Those are my concrete must-haves for 2015. Those are the things I want to have done and locked by the end of the year. I reckon it’s all achievable, though how comfortably so will depend a lot on how readily I overcome my various anxieties relating to long-form fiction, unfamiliar social interactions and systems administration.

In my next post, I’ll go through a shopping list of more esoteric writing goals – stuff I feel like I want to try my hand at, even if I don’t have a specific purpose in mind just yet.

 

 

 

February 2, 2015

February made me shiver

Filed under: fitter/happier,wordsmithery — Tags: — lexifab @ 5:23 pm

By now I should have a plan.

I mean, I keep feeling like I should have a plan, but the idea of sitting down and plotting out a plan is giving me chills. I already know that I work better to deadlines. Surely the smart thing to do is set myself some deadlines and then stick to them?

Except no, because I can’t quite bring myself to sit down and make a plan.

Making plans is just asking for trouble really. Anything could happen to throw my carefully-crafted schemes into utter disarray. Who am I, thinking I can impose order on an essentially chaotic universe?

Or if it’s not an essentially chaotic universe, what then? “If you want to make God laugh,” said Woody Allen, “tell him your plans.” Hmm, actually I’m not sure I care to take advice from a ghastly old child abuser. Neither of them.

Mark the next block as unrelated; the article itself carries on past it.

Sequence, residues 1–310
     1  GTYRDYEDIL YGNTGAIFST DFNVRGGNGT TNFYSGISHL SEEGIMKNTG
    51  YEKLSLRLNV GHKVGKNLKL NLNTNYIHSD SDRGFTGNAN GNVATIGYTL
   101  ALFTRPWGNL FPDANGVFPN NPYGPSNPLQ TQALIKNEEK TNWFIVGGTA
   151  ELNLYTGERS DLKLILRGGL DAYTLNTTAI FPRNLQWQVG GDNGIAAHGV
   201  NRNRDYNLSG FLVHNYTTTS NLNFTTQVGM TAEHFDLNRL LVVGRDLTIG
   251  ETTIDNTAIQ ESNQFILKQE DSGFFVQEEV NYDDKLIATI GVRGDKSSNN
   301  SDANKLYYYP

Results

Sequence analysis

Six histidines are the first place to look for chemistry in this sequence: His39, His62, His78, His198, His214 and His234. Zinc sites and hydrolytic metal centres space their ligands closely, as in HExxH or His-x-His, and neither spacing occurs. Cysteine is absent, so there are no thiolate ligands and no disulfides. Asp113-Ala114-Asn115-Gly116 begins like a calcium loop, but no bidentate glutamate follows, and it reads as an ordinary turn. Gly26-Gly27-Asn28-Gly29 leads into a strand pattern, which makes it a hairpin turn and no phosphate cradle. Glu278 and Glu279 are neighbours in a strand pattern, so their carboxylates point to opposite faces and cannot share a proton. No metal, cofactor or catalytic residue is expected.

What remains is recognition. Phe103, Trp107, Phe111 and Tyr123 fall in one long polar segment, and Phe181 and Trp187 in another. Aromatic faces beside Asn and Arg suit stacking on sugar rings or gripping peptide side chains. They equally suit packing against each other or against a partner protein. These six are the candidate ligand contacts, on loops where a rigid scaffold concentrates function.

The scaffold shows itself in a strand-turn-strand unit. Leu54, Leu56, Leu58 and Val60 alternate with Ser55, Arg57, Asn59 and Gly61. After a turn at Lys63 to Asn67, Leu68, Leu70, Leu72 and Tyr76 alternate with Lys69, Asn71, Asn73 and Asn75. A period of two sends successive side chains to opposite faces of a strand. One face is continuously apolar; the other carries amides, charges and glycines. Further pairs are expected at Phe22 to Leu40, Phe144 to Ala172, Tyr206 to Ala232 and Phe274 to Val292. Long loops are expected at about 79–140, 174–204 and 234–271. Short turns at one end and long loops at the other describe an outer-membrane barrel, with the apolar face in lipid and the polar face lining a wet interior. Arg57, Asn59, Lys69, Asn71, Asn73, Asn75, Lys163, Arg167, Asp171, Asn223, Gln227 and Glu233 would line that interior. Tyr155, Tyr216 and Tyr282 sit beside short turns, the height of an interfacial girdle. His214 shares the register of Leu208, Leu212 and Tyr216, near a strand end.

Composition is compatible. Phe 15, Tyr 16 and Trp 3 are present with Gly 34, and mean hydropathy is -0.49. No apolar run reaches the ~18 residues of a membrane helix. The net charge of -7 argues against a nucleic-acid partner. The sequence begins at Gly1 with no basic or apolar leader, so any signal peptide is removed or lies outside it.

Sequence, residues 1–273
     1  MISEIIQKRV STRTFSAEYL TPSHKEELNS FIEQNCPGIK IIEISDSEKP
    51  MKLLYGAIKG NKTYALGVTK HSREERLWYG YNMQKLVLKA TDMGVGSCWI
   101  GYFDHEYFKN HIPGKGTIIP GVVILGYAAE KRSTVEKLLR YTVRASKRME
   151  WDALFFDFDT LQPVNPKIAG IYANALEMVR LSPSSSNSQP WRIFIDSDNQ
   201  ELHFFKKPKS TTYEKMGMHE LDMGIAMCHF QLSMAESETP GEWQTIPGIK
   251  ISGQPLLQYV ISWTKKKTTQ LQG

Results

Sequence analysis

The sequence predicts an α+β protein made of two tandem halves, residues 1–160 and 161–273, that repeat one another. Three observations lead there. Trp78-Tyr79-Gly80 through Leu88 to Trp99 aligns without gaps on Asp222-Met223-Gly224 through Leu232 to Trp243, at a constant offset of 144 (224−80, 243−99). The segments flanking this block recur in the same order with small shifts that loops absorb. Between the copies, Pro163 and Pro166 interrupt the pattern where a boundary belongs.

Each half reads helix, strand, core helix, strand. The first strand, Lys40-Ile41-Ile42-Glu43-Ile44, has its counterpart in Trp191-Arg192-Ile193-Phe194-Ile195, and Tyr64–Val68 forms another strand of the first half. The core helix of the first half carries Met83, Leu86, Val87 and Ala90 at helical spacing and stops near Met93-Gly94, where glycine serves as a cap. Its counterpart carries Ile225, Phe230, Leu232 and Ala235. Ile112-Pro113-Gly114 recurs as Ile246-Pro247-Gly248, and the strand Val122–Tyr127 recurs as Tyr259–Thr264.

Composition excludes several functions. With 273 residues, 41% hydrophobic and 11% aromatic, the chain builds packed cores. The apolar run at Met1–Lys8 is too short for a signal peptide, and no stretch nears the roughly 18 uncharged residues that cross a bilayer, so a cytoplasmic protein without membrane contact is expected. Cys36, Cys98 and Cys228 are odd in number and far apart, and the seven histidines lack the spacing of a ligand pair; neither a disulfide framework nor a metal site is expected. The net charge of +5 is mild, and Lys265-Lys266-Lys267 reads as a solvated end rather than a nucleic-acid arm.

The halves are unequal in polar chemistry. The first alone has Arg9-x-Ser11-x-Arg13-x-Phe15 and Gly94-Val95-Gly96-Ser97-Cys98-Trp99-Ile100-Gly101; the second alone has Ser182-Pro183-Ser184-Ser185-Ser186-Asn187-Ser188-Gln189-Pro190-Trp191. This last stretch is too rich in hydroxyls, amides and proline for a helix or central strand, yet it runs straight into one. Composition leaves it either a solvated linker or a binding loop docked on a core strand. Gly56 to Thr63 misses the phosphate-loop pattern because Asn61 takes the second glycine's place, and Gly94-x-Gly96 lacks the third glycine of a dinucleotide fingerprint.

Still, just because I have a plan, doesn’t mean I have to stick by it through hell and high water, does it? I could just make myself a rough guide. A mudmap. A fritzy GPS with a “near enough is good enough” approach to software updates. I could sketch out a skeleton scheme and make changes as circumstances prescribe. Stay loose. Stay flexible. Keep skating and don’t look back.

…oh hell. I need a plan, don’t I?

*grumbles.

*plans.

January 27, 2015

Dithering in January

Filed under: administraviata,wordsmithery — Tags: , — lexifab @ 1:54 pm

This hasn’t exactly been the month for covering myself in glory, writing-wise. I’ve written almost nothing – about one-and-two-thirds short stories, adding up to perhaps five or six thousand words. More than I had when I started the month, certainly, but a long way short of my starry-eyed projections from the end of November. Come to think of it, December was a bit of a wash as well.

Certainly there have been valid distractions – we’ve renovated an entire bedroom, the kids have been at home more, there have been festive season commitments and bits of travel, and as of the middle of the month, I’ve gone back to work.

Even so, it’s a bit disappointing. I was hoping to make January a month of deck-clearing. I wanted to polish up a couple of old story drafts, knock out a couple of new ones, and have a clean plate for diving into a new novel attempt from the start of February. But with a bunch of admin jobs still hanging over my head and gathering an odium of stagnation about them, I’m skeptical that I can really hit the ground running come Sunday the first.

So be it. I’m making lists and ticking them off, and at some point I’ll have stripped off enough of these other obligations that I can feel free to focus on the words.

Until then – more dithering. Early in February I will set myself some goals for the year, but until then I’ll concentrate on getting my jungle of distractions under control.

Pass the defoliant.